G20 Summit: EU-Mideast-India trade plan launched

NEW DELHI: A broad alliance of states on Saturday unveiled ambitious plans to create a modern-day Spice Route linking Europe, the Middle East and India, boosting trade ties with potentially wide-ranging geopolitical implications. The United States, Saudi Arabia, the European Union, the United Arab Emirates and others launched the initiative to link railways, ports, electricity and data networks and hydrogen pipelines on the sidelines of the Group of 20 summit in New Delhi.

Although heavily trade-focused, the scheme could have wide-ranging implications. Signatories hope it can help integrate India’s vast market of 1.4 billion people with countries to the west, offer a counterbalance to lavish Chinese infrastructure spending and boost Middle Eastern economies. “This is a real big deal,” said US President Joe Biden at the launch event, calling the plan “historic”.

European Commission President Ursula von der Leyen said the so-called India-Middle East-Europe economic corridor was “much more than ‘just’ a railway or a cable”. “It is a green and digital bridge across continents and civilizations,” she said. One proposed project would link railway and port facilities across the Middle East — including the United Arab Emirates, Saudi Arabia, Jordan and the Zionist entity — potentially speeding trade between India and Europe by up to 40 percent.

According to details seen by AFP, the economic corridor would develop infrastructure to enable the production and transport of “green hydrogen”. It would also strengthen telecommunications and data transfers through a new undersea cable connecting the region. French President Emmanuel Macron said work was now needed to make the plan “real”.

All the projects could also help oil-soaked Middle Eastern states wean their economies off dependence on fossil fuels. Michael Kugelman, South Asia Institute director at The Wilson Center, said the plan could be a significant response to China’s much-vaunted Belt and Road Initiative. The so-called BRI has spread Chinese influence, investments and commerce across Europe, Africa, Asia and Latin America.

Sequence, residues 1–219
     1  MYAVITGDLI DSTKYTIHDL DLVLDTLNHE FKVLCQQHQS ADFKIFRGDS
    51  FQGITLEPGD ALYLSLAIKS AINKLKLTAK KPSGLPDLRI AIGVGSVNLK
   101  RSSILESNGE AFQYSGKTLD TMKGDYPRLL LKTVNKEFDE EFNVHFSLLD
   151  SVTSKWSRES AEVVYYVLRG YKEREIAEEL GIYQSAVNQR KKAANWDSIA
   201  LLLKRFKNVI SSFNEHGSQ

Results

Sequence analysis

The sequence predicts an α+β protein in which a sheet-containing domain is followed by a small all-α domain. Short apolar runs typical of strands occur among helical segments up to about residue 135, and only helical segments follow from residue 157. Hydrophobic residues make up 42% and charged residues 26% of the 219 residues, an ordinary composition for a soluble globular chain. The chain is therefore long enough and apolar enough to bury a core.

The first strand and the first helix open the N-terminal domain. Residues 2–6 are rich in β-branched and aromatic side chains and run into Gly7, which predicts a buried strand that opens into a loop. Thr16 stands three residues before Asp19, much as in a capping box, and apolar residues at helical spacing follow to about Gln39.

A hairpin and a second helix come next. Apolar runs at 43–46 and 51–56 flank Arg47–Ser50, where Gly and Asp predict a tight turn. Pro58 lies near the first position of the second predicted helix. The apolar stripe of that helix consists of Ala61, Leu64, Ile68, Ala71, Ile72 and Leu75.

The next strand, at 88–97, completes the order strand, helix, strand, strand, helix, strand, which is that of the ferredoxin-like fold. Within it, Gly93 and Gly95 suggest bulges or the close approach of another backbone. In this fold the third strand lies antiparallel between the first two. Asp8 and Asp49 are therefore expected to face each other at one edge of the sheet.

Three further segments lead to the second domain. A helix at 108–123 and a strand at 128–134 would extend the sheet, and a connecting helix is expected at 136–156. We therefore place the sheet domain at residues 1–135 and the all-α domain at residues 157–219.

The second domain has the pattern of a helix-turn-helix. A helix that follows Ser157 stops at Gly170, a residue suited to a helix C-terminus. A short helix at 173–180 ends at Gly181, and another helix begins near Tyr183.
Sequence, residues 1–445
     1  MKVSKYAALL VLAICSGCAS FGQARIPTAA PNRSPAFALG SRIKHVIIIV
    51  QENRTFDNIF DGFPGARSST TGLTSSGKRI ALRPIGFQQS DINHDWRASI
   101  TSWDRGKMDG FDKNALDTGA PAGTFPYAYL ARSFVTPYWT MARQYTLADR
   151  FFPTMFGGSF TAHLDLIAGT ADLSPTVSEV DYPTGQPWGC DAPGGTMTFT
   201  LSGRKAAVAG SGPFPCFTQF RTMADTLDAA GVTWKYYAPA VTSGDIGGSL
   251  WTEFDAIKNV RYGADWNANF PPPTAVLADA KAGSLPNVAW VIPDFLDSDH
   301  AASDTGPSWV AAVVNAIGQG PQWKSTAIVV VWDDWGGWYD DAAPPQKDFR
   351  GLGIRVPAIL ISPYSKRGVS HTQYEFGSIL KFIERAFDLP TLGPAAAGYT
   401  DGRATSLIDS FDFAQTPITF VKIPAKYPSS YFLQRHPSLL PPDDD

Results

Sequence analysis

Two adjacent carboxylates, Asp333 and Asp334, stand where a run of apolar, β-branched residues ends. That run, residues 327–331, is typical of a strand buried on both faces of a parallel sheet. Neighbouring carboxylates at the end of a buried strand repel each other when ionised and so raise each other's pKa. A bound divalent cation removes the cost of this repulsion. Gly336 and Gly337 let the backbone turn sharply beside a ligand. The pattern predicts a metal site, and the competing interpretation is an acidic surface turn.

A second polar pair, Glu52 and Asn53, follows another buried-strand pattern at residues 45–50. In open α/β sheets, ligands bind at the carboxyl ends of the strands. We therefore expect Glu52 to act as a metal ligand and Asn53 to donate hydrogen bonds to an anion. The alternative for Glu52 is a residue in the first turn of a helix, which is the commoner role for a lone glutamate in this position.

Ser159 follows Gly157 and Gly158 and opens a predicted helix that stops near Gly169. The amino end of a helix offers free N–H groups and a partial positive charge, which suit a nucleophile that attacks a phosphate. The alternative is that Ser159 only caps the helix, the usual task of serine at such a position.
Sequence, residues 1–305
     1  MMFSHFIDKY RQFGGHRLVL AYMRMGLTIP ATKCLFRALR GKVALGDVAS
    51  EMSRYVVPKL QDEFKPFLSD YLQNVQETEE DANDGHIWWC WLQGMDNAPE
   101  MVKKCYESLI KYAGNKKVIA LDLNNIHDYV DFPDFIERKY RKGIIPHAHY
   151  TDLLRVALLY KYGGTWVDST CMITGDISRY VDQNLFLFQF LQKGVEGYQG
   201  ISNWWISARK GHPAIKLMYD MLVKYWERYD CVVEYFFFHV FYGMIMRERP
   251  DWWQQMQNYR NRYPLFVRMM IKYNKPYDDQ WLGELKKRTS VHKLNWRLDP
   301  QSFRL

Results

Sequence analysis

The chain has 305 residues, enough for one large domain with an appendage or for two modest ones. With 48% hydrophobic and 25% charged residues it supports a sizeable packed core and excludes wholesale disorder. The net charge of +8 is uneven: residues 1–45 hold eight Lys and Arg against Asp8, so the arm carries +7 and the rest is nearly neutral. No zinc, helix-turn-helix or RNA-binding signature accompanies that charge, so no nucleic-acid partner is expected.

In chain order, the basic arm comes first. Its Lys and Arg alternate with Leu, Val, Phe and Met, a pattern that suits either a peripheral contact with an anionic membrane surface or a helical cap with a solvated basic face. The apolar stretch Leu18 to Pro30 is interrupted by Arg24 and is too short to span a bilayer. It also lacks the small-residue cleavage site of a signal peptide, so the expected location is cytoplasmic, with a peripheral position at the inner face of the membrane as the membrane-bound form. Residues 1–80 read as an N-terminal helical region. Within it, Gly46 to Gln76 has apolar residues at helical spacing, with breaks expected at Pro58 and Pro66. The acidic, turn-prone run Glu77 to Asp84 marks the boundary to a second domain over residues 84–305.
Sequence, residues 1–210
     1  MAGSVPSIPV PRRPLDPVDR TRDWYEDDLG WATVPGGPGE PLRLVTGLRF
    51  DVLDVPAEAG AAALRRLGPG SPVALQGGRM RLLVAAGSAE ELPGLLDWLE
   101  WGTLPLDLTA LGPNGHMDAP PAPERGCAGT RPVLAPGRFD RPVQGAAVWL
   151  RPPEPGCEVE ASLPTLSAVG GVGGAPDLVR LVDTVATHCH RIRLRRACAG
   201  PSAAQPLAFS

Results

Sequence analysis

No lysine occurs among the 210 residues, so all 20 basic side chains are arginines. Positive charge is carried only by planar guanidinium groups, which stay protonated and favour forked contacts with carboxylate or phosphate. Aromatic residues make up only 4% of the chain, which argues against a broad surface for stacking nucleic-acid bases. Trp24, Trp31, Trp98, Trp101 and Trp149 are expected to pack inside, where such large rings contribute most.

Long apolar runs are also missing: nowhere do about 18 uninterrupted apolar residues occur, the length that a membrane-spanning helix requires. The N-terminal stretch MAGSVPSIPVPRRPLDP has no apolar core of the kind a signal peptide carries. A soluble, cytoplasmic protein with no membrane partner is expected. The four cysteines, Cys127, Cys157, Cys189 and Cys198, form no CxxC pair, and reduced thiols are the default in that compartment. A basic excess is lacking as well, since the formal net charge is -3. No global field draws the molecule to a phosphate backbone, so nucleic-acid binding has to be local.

Meanwhile, G20 leaders papered over deep divisions on the war in Ukraine and tackling climate change Saturday, avoiding direct criticism of Moscow and any concrete pledge to phase out polluting fossil fuels. Leaders of the grouping, which brings together Russia as well as some of Ukraine’s most ardent backers, have struggled to agree on much, in particular about the 18-month-old invasion.

But facing a major diplomatic embarrassment, host India had pressed members to agree a common statement at a two-day summit in the capital New Delhi. With Vladimir Putin staying home to dodge political opprobrium and the risk of arrest on war crimes charges, the Group of 20 denounced the use of force for territorial gain but refrained from direct criticism of Russia by name. “There were different views and assessments of the situation,” the leaders’ statement said.

European nations and the United States had pressed for the G20 not to water down its earlier condemnation of a war that has caused food and fuel price spikes worldwide. With long-time Russian ally India in the G20 chair, Ukraine’s allies appeared to have failed in that bid. Kyiv’s foreign ministry denounced the statement as “nothing to be proud of”, but a top White House official said Washington was happy with the outcome.

On climate, too, the G20 found minimal common ground, despite meeting in what the EU’s climate monitor says is likely to be the hottest year in human history. With major fossil fuel producers including Saudi Arabia, Russia and Australia — and coal-dependent nations such as India and South Africa — around the table, there was no overarching commitment to phase out the polluting fuels.

Such a measure was deemed “indispensable” by the United Nations just a day earlier to achieve a net-zero goal. Instead, G20 countries pledged to triple renewable energy sources by 2030 while committing only to a “phasedown” of coal “in line with national circumstances”. The G20 leading economies account for 85 percent of global GDP and a similar amount of global climate-warming emissions.

On reaching the final agreement, Indian Prime Minister Narendra Modi thanked leaders for their “hard work” and banged a ceremonial gavel to adopt the declaration. Modi had a heavy personal investment in the success of the summit, which he has billed as India’s diplomatic coming of age and has used to boost his domestic standing ahead of elections next year.

In another win for Modi’s efforts to portray his country as a voice for the Global South, the African Union on Saturday joined the G20 to give the continent broader representation. “With everyone’s approval, I request the African Union head to take his seat as a permanent G20 member,” Modi said, claiming it turned the grouping into a “people’s G20”.

The African Union represents 1.4 billion people across 55 members — including six junta-ruled nations that are currently suspended. “As a continent, we look forward to further advancing our aspirations on the global stage using the G20 platform,” Nigerian President Bola Ahmed Tinubu, who is at the summit, posted on X, formerly known as Twitter. – AFP

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